France elects its mayors and municipal councils in mid-March. A good reason to leaf through the “40 cartes pour comprendre la France”, that is, “40 maps to understand #France”.
Published by a team of #LeMonde, the 110 pages read like a kaleidoscope of the inner turmoil of this great country. More on this in a moment.
First of all, however, we have to report on a state of affairs that was not familiar even to me as an old friend of France. The local elections and #Brexit are closely connected this time.
Who leads the ranking of the elected?
Why? Since 2001, EU citizens at local level have also been allowed to run for office in France. Of the 499,356 local councils, they represent only or at least 0.5 percent of the people’s representatives, mostly in smaller municipalities with fewer than 2,000 inhabitants.
And among EU citizens, who is the leader in the rankings of those elected? The Brits!
They have 766 local politicians, followed by the Belgians with 547 and the Portuguese (358, but they are not immediate neighbours) and the Dutch, who with their 320 councillors beat the Germans (212) to the punch, almost as in football.
In rare cases, such as in a small village in Calvados, a Dutchwoman, a German woman and a Belgian sit together in the council chamber, or, as in the Dordogne, a Dutchwoman, a British woman and a Polish woman.
What a pity, the British are no longer allowed to stand for election!
In some places in la France profonde, la douce France they will probably miss their British in the future. For with the Brexit of January 31st this year they are no longer allowed to stand for election. What a pity!
Back to the special edition of Le Monde. This is in a very French, very educational tradition. Histoire-géo, as it is called in colloquial language, is a mixed subject in secondary schools, which is taught in this common form only in the French Republic. So time and space are seen together – this applies to the space-time called France as well as to the space-time world.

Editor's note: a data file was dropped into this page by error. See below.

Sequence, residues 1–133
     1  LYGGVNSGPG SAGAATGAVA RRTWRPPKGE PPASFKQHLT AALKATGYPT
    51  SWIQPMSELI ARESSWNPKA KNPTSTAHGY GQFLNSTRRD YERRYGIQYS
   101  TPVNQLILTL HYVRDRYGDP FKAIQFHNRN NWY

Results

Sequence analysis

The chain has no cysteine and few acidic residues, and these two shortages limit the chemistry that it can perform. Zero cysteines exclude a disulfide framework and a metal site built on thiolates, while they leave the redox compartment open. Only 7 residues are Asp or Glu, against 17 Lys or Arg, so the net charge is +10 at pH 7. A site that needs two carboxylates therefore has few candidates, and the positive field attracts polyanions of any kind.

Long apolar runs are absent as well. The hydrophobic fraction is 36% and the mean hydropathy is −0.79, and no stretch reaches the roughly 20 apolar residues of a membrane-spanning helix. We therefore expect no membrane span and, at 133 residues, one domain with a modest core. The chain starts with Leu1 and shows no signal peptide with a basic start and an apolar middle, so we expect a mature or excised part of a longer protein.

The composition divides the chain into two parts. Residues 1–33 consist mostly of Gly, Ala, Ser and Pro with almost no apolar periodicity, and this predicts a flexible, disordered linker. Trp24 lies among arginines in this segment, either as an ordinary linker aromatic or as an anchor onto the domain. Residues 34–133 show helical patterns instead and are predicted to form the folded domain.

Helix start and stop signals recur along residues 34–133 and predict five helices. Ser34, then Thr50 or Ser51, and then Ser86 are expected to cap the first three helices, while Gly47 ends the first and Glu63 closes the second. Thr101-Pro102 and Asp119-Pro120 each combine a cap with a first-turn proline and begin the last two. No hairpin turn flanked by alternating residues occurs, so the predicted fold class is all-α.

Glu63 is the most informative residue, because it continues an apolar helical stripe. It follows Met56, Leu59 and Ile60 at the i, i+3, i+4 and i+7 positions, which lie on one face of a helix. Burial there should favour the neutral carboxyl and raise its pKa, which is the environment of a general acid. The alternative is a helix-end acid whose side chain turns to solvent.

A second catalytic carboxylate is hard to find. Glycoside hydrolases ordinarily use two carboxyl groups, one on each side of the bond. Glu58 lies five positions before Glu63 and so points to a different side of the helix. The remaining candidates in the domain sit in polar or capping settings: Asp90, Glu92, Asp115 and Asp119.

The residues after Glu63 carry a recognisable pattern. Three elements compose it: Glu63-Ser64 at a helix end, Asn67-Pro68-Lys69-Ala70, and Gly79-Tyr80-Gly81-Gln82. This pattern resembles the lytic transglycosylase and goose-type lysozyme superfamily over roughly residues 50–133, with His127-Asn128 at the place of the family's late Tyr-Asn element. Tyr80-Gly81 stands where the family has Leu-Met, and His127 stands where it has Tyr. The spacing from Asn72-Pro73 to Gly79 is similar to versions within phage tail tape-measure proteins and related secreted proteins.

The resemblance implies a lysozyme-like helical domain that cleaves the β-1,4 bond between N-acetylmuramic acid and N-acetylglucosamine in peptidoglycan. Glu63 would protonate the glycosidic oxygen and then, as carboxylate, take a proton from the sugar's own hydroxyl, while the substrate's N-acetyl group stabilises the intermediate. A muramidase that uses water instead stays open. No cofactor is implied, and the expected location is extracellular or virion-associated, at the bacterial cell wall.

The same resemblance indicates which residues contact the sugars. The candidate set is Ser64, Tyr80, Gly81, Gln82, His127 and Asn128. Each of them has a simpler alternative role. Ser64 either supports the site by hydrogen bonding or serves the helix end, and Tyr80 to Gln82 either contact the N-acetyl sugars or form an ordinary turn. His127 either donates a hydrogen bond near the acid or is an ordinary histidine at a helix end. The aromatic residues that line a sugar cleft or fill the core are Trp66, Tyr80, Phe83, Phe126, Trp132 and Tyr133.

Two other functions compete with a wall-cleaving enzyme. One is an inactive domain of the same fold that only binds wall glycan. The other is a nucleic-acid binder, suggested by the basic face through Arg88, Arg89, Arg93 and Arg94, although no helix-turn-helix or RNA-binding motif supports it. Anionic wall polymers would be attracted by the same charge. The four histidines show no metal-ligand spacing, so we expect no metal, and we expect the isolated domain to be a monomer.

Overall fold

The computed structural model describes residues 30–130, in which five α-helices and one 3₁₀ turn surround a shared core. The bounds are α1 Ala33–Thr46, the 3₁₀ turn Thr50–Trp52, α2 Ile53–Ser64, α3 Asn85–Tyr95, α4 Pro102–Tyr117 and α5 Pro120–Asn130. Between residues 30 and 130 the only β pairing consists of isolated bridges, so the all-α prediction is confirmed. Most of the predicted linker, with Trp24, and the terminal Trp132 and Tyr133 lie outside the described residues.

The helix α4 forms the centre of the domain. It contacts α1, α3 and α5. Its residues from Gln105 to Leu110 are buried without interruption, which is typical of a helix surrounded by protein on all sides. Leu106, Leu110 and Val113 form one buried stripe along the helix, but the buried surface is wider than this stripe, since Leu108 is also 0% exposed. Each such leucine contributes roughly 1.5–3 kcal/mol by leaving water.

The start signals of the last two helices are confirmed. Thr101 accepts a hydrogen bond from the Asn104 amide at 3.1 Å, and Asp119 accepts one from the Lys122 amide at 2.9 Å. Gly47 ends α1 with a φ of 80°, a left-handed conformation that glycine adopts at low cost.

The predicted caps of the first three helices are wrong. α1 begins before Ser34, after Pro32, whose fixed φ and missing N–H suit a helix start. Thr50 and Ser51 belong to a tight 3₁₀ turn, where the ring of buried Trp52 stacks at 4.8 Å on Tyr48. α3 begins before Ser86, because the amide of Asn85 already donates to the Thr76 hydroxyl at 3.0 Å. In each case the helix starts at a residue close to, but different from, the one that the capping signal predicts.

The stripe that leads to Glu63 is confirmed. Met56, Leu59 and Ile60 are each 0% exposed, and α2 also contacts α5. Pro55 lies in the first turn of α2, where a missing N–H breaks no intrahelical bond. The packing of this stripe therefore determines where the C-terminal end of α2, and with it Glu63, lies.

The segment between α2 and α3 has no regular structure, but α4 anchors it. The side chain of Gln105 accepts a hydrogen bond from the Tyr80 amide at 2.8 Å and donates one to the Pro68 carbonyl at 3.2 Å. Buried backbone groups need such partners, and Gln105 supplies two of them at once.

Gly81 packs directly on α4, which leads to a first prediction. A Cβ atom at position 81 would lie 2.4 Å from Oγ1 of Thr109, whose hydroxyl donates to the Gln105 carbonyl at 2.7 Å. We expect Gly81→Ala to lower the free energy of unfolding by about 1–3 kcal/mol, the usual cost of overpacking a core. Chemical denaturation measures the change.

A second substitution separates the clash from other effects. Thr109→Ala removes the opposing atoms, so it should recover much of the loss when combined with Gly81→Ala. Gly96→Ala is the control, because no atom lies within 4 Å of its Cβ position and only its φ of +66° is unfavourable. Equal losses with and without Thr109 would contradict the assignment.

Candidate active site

On Arte TV they cultivate a French tradition in the most beautiful way
The German-French TV channel Arte also cultivates this tradition in the best possible way. There, “Les dessous des cartes”, in the English version „Mapping the World“ (note the difference) has been one of the station’s long-running favourites.
The programme was invented by the ethnologist and political scientist Jean-Christophe Victor, who was also its anchorman for over a quarter of a century. After his sudden death in 2016, journalist Emilie Aubry took over.
How farmers settle their inheritance also determines voting behaviour
In the special issue of Le Monde, the renowned geographer Hervé Le Bras explains right at the outset what knowledge about “the mosaic of France” (Le Bras) forty maps can conjure up. How, for example, the farmers in the north and the south have settled their inheritance, and this for an eternity, still has an impact on voting behaviour today – to name just one example.
My advice: just browse and be amazed – and secretly wish that we were offered such an inspiring access to other EU countries, too.